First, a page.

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At the Borders of Musical Identity: Schenker, Corelli and the Graces

At the Borders of Musical Identity: Schenker, Corelli and the Graces OF MUSICAL IDENTITY: SCHENKER, CORELLI AND THE GRACES The first edition of Corelli’ Twelve Sonatas for Violin Op. 5 was dedicated to s Sophia Charlotte, Princess of Hanover, and the dedication is dated January 1st, 1700; it would be hard to think of a more appropriate symbol of the work’ s significance in the history of violin music. l It was engraved in the conventional format for solo sonatas, with one stave for the solo instrument and another for the basso continua. It goes without saying that the basso continua part was to be realised rather than performed literally (though how this was to be done and who it was to be done by remains a matter of some controversy).2 And equally it went without saying that the soloist should elaborate what was written in his or her part. As is well known, the slow movements of Op. 5 are little more than skeletons intended to be fleshed out by means of improvised - or at any rate improvisatory - ornamentation. Such radically free ornamentation, which at times trespasses onto what would in other countries have been seen as the domain of composition, was common practice in Italian http://www.deepdyve.com/assets/images/DeepDyve-Logo-lg.png Music Analysis Wiley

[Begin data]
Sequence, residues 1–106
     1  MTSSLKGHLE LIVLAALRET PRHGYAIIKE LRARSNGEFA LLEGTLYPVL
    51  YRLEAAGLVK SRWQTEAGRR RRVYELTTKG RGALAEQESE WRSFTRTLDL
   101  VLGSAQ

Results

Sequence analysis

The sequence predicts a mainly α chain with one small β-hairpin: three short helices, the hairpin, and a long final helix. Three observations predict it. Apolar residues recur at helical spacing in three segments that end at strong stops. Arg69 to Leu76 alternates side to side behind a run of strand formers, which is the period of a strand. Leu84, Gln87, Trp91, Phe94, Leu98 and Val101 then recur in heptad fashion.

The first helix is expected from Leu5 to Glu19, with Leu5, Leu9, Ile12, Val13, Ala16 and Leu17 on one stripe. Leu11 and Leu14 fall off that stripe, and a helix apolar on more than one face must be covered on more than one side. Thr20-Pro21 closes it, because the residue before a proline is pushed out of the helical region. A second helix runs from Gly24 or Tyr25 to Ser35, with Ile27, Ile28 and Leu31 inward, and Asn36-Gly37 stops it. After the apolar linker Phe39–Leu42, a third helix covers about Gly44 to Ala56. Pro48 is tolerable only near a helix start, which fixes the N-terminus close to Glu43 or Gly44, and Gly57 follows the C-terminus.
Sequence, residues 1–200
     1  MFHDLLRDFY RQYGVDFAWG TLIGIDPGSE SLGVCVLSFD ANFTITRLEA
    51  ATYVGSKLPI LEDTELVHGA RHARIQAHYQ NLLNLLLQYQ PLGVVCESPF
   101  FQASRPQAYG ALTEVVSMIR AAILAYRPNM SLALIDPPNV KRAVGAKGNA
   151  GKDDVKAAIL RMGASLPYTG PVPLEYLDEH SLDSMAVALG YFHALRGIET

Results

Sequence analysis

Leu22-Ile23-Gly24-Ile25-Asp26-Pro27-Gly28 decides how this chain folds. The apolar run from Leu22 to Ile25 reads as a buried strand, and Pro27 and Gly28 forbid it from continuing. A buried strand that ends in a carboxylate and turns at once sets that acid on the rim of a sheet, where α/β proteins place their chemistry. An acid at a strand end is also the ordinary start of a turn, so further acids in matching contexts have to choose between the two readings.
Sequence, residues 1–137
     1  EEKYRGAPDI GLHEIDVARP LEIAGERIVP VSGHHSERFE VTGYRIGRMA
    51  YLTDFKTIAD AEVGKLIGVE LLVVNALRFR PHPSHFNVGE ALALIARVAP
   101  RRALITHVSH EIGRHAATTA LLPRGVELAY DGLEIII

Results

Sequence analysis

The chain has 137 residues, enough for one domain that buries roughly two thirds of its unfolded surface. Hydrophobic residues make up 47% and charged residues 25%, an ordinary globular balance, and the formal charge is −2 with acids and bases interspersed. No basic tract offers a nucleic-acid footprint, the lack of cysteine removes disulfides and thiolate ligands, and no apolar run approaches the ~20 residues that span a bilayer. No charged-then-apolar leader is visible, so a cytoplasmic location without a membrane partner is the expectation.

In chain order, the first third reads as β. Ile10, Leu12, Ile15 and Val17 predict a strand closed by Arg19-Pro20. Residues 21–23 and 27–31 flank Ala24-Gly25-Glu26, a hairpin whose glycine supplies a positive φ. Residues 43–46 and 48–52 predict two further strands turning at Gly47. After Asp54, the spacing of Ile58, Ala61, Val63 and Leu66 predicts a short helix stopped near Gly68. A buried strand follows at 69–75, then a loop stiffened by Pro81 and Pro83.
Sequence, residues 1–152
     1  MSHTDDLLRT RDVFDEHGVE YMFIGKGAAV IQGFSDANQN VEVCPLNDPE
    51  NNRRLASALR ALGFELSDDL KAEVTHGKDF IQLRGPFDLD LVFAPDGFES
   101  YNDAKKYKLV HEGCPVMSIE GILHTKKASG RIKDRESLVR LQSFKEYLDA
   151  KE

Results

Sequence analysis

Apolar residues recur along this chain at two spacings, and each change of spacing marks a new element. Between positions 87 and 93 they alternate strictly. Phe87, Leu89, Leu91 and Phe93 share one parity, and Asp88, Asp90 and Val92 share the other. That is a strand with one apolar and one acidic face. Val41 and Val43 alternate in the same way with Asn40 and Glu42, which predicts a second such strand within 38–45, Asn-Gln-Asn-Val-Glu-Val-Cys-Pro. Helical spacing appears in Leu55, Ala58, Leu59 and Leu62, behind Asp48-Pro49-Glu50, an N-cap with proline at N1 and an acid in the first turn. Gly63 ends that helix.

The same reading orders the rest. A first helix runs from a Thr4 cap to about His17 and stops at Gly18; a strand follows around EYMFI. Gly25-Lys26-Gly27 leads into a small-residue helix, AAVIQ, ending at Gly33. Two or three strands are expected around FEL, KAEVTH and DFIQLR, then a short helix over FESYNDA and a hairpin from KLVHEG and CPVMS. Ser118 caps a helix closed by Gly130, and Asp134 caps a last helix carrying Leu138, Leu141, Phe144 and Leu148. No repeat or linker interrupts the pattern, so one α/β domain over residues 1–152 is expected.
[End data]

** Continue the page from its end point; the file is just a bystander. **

At the Borders of Musical Identity: Schenker, Corelli and the Graces

Music Analysis , Volume 18 (2) – Jul 1, 1999

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Publisher
Wiley
Copyright
Blackwell Publishers Ltd 1999
ISSN
0262-5245
eISSN
1468-2249
DOI
10.1111/1468-2249.00091
Publisher site
See Article on Publisher Site

Abstract

OF MUSICAL IDENTITY: SCHENKER, CORELLI AND THE GRACES The first edition of Corelli’ Twelve Sonatas for Violin Op. 5 was dedicated to s Sophia Charlotte, Princess of Hanover, and the dedication is dated January 1st, 1700; it would be hard to think of a more appropriate symbol of the work’ s significance in the history of violin music. l It was engraved in the conventional format for solo sonatas, with one stave for the solo instrument and another for the basso continua. It goes without saying that the basso continua part was to be realised rather than performed literally (though how this was to be done and who it was to be done by remains a matter of some controversy).2 And equally it went without saying that the soloist should elaborate what was written in his or her part. As is well known, the slow movements of Op. 5 are little more than skeletons intended to be fleshed out by means of improvised - or at any rate improvisatory - ornamentation. Such radically free ornamentation, which at times trespasses onto what would in other countries have been seen as the domain of composition, was common practice in Italian

Journal

Music AnalysisWiley

Published: Jul 1, 1999

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